The staff at ASE are proud of what we have achieved so far and what we will achieve in the near future. It has not been an easy journey but we keep our heads above the water and we always rise to any challenge. We are positive that our scholars will make a difference not only in Tsakane but in South Africa as a whole.

References:

1. See, for example: http://www.sassa.gov.za/index.php/about-us/our-visionmission- and-values.

2. The Oprah Winfrey Leadership Academy for Girls in Henley-on-Klip in Gauteng is also an ISASA member. See: http://www.owla.co.za/.

3. See: http://www.saadp.co.za/.

4. Jay Kloppenberg has worked as a consultant at McKinsey & Co. in New Jersey in the US and South Africa, and as a venture capitalist focused on the sub-Saharan African microfinance industry at Mecene Investment in Johannesburg, Gauteng. Kloppenberg has an MBA from INSEAD Business School in Fontainebleau, France. Prior to joining the business world, he taught English in the United States and Senegal. (Source: http://ase.org.za/).

5. Township residential areas in South Africa originated as racially segregated, low-cost housing developments, for black labourers to remain closer to their places of employment within the cities and towns. The demographic and socioeconomic distribution of the townships perpetuates racial segregation and a scarcity of resources in their public schools. (Source: Bouwer, C and Mampane, R. (2011) “The influence of township schools on the resilience of their learners”. Available at: http://www.scielo.org.za/pdf/saje/v31n1/v31n1a09.pdf.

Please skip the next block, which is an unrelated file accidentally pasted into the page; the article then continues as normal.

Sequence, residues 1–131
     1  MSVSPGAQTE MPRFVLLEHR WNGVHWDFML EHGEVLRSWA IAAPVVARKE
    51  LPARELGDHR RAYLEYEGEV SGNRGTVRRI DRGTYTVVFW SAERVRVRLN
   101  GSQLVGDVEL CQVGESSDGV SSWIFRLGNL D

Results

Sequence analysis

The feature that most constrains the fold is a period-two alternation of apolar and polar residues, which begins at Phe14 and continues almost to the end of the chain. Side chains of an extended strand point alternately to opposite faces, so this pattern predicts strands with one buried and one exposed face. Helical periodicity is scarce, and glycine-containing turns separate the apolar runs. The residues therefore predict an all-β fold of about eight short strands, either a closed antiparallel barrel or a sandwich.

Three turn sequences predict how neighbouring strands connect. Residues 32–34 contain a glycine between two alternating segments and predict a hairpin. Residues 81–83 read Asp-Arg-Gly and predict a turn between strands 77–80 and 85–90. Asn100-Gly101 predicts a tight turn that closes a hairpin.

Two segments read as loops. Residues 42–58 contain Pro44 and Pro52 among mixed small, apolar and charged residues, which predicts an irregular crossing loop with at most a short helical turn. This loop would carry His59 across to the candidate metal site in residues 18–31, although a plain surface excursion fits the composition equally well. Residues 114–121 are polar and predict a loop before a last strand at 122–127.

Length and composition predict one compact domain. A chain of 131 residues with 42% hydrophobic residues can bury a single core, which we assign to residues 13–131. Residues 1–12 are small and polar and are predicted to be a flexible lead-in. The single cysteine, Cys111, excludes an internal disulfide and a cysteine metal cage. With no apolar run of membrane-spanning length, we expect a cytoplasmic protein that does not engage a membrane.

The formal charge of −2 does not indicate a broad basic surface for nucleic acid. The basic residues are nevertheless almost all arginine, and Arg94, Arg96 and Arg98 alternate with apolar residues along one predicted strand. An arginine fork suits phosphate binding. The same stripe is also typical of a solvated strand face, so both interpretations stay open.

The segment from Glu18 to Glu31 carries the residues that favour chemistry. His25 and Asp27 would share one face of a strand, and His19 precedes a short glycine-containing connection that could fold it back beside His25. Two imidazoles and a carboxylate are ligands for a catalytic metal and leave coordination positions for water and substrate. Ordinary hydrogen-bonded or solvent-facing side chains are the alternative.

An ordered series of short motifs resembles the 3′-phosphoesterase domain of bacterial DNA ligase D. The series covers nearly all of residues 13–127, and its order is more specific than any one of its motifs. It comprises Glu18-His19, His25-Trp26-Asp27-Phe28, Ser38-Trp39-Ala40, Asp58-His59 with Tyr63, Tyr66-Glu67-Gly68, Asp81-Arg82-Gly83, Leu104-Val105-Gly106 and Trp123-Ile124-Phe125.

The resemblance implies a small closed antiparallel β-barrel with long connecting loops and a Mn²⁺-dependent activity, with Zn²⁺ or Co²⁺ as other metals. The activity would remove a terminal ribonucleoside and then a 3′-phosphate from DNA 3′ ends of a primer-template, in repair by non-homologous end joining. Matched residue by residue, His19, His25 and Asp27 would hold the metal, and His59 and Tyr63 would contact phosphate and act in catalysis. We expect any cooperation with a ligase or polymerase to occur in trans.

6. See, for example: http://dictionary.reference.com/browse/scholar.

7. See: www.cie.uk.

8. See, for example: http://www.orrt.org/stowe/.

9. See, for example: Landers, H. (n. d.) “Using Peer Teaching in the Classroom”. Available at: http://teaching.colostate.edu/tips/tip.cfm?tipid=180.

10. Originally the source of great controversy, the Khan Academy is now widely recognised as a source of educational support for teachers and learners across the globe. It is a “not-for-profit organisation with the goal of changing education for the better by providing a free world-class education for anyone anywhere.” (Source: https://www.khanacademy.org/).

11. While traditional leadership generally involves the accumulation and exercise of power by one at the top of the pyramid, the servant-leader shares power, puts the needs of others first and helps people develop and perform as highly as possible. (Source: https://greenleaf.org/what-is-servantleadership/).

 

Category: Featured Articles, Spring 2014

About the Author ()

News posts added for Independent Education by Global Latitude DMA

Leave a Reply

Your email address will not be published. Required fields are marked *